When that Texas legislator said, “let’s have the electric chair on the floor of the Capitol,” there were other legislators who said, “let’s have an amendment to carry out executions in a rodeo arena and we’ll charge tickets and we’ll use the money to fund schools.” These moments are horrifying, but then you realize they’re not being serious and they’re just trying to goad their fellow legislators into admitting the contradictions of their views. The way they go about that is so creative. The creativity of that resistance was very inspiring to me.
I focused on lawyers, and I say in a kind of almost snarky tone, because they do most of the talking. They’re the ones who are convincing juries and the public that a particular person on the one hand is evil, or on the other hand, that they are capable of mercy and redemption. I could totally see an alternate version of the book, where the person you follow for a lot of the book is the mother of someone on death row — I sometimes regret that I didn’t spend more time [on family members]. There’s a bit in the book about the family members of people on death row, but could have devoted the entire book to those people. Their emotional experiences are so complex and their grief and their trauma is so under-studied and under-reported.
For all of the spectacle around the death penalty, it directly impacts relatively few people each year. What would you say to someone who asks, “Why should I care about the death penalty?”
I think the death penalty matters a lot for two reasons. One is that it’s the pinnacle of the larger turn that our country took towards harsh sentencing. When you have the death penalty—just on the books, whether or not you carry it out—it makes a life without parole sentence seem more lenient. This played out repeatedly in state legislatures, where life without parole was passed as a less-harsh alternative to the death penalty as another option for juries and prosecutors. To understand the larger punitive turn in our culture and politics over the last 40 years, the death penalty is the heart of that.
The other reason I think the death penalty matters a lot is that because it’s the harshest punishment, and because the stakes feel so high, it attracts really good lawyers. It also attracts a sense among the legal system that nobody should be executed without having a lawyer, so we always have lawyers working on these cases. And the importance of having lawyers work on these cases is that problems are unearthed, and those problems don’t just apply to death penalty cases.
It was through death penalty cases that we started to learn about problematic forensics, and the ways in which crime labs and experts were allowing non-scientific types of evidence into the courtroom. It was through the death penalty that we started to understand more about brain science and the way that brain injuries and trauma and mental illness shape people’s paths in life. And I think a lot of the lessons that have come out of the very limited world of the death penalty have [implications] for the larger criminal justice system as we try to unpack why crime happens, what produces it and how a society can have both less crime and a more mercy-oriented approach to crime when it does happen.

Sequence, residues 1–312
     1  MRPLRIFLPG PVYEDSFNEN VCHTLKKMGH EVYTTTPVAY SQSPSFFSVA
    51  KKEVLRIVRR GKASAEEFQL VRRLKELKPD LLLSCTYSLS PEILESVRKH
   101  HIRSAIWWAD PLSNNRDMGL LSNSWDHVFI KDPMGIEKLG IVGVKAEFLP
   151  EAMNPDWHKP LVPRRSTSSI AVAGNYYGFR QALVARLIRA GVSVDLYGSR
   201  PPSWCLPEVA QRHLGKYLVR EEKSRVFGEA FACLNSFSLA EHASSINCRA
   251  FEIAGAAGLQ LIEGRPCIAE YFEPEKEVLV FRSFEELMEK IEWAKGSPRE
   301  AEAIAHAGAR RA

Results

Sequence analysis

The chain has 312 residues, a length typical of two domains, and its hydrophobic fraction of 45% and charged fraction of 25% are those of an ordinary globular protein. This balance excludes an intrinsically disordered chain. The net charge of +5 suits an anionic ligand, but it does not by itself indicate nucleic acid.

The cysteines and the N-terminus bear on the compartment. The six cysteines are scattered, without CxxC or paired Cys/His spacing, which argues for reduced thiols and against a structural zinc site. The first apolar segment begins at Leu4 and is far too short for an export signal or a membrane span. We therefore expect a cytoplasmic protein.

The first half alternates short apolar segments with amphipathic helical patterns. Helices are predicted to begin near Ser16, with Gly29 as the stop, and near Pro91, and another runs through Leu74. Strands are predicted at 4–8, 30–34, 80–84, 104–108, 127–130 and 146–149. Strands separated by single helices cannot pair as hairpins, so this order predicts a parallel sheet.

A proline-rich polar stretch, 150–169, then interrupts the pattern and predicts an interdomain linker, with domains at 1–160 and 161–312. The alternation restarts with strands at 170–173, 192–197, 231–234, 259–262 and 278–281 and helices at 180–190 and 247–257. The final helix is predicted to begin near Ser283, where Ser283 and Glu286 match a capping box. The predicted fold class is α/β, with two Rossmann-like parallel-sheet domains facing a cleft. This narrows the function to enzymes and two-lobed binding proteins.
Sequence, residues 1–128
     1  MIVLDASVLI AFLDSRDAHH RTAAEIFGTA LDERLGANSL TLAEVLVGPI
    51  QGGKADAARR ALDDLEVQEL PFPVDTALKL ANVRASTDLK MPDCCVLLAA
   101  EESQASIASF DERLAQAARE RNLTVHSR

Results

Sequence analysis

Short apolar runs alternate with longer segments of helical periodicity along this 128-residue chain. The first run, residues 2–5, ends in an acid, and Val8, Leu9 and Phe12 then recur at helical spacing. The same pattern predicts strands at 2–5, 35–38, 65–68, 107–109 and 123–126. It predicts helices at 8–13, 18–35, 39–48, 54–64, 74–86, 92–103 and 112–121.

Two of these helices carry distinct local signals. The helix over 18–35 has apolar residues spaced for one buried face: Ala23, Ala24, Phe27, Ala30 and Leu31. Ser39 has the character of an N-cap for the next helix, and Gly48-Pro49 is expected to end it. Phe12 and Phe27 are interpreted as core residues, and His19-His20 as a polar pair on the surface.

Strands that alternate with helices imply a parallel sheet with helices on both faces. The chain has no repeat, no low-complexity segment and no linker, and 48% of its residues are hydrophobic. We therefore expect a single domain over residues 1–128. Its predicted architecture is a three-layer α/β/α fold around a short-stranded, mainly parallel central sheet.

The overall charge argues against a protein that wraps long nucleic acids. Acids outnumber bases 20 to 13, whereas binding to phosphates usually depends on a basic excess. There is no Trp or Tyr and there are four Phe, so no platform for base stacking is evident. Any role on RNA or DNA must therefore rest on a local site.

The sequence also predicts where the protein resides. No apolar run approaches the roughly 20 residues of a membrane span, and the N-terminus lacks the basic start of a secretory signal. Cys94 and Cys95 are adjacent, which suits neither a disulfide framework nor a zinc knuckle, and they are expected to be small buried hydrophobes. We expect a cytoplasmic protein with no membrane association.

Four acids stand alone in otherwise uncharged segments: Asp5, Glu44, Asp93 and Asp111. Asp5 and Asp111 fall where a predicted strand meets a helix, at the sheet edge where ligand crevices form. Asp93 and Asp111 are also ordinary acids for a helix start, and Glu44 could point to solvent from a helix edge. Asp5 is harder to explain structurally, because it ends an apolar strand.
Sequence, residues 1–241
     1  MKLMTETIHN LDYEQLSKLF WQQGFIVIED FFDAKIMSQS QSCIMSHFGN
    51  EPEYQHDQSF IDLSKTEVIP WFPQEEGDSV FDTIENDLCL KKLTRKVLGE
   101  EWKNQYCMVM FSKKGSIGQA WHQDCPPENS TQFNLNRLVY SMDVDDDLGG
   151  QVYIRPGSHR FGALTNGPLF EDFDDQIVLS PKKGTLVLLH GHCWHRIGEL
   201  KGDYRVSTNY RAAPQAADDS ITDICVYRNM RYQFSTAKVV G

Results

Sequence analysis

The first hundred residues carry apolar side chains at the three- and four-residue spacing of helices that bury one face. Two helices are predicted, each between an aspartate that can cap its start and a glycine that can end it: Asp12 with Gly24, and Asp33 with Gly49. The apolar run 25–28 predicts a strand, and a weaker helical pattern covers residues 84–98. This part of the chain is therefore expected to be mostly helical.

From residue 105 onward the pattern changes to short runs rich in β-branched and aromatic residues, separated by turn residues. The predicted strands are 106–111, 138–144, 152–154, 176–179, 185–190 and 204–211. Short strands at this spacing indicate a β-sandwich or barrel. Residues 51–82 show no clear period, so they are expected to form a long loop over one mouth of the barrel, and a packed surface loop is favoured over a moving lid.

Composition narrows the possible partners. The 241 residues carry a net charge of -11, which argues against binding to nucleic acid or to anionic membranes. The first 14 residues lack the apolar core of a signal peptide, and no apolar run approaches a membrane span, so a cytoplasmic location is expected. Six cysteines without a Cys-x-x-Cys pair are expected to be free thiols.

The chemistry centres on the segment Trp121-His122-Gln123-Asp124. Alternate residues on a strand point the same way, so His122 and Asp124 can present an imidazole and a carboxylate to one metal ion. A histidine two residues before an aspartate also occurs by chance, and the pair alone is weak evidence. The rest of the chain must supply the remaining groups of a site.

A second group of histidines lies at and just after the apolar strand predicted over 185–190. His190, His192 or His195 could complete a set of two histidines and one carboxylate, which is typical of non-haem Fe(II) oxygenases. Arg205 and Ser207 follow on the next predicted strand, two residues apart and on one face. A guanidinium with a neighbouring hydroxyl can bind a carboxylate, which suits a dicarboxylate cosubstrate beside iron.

There was a lot of activism and uproar around the executions of Brandon Bernard and Lisa Montgomery especially. How do you feel the level of discourse about the death penalty today compares to the past?
The idea that we all understood that Lisa Montgomery was guilty of the things she was accused of, but also that her execution was also problematic because of her trauma and mental illness—defense lawyers may have been making those arguments in the ’90s, but they were not gaining traction in the public sphere in the same way at all. I think Trump’s run of executions has ironically shown just how much the country has turned against the punishment and turned against the kinds of sensibilities around it that marked a generation or two generations ago.
One lesson I think of 1972 and Furman v. Georgia is that we’ve been here before. We, as a country, abandoned the death penalty before. When the Supreme Court ruled against the death penalty while it was all around the country, there was a tremendous amount of backlash. When change happens at an elite level, whether it’s the Supreme Court, or Congress, without a lot of grassroots support among Americans, people can feel very betrayed and angry at their leaders in Washington.
I think that the death penalty is still on the decline. For America to really embrace the death penalty again would take a lot of cultural and political changes that are very hard to predict and, at least for me, very hard to see. But it’s the nature of history that it’s incredibly unpredictable. One lesson of the past is that these changes don’t really stick unless we take a step back, and assess how we got here, and make a more thoughtful collective decision to make the future different.
Photograph of book cover courtesy of Maurice Chammah